• Take steps to address mold in your indoor air. Start treating the inside of your home for mold to see if you feel better. This will not remove the cause of the mold in the first place, but will help you to start recovering. Things you can do are burning EC3 Candles in your living areas, fogging your rooms and things with EC3, reducing indoor humidity with dehumidifiers, using air purification and filtration devices to clean the air, HEPA vacuuming to remove dust and dirt, washing laundry with EC3 Laundry Additive to remove mold from clothing and bedding, and using EC3 Mold Spray on rugs, furnishings, pets, and inside your car. All of these actions will lessen the indoor mold load and will help you to see if mold is, indeed, the major problem for your health.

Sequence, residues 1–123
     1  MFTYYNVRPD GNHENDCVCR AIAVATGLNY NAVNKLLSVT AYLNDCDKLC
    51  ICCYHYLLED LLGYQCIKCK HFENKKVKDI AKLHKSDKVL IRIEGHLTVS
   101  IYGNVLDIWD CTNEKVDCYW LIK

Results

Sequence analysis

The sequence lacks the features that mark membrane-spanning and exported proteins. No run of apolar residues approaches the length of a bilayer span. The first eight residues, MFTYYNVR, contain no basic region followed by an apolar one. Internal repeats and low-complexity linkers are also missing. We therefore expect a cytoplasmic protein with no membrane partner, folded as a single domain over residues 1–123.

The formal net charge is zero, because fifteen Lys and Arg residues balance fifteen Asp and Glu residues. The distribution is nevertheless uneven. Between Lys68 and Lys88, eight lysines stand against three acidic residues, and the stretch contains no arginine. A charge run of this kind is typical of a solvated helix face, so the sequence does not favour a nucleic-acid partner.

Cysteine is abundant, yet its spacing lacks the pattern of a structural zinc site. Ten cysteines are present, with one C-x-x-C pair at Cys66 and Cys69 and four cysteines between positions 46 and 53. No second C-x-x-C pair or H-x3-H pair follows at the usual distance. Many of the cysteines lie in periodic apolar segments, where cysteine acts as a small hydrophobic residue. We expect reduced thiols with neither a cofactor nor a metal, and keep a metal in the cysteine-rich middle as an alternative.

5.) Find qualified, trained professionals who can help you test and treat your home and your body.

Once you know that mold in your environment is affecting your health, you may need qualified professionals to help you navigate mold remediation and/or medical treatment. What follows are resources for locating people that can help you.

Environmental professional resources:

(Note: Make sure that anyone performing mold testing on your home does not also do the remediation work. That is a conflict of interest.)

Medical practitioner resources:

Was this information helpful and informative? I hope so. If you would like to read more articles like this or learn more about me, visit Mold Free Living. You can also comment below or email me directly at catherine@moldfreeliving.com.


 

Please Check Out the Other Articles for this Week:

 

 

 

 

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About the Author: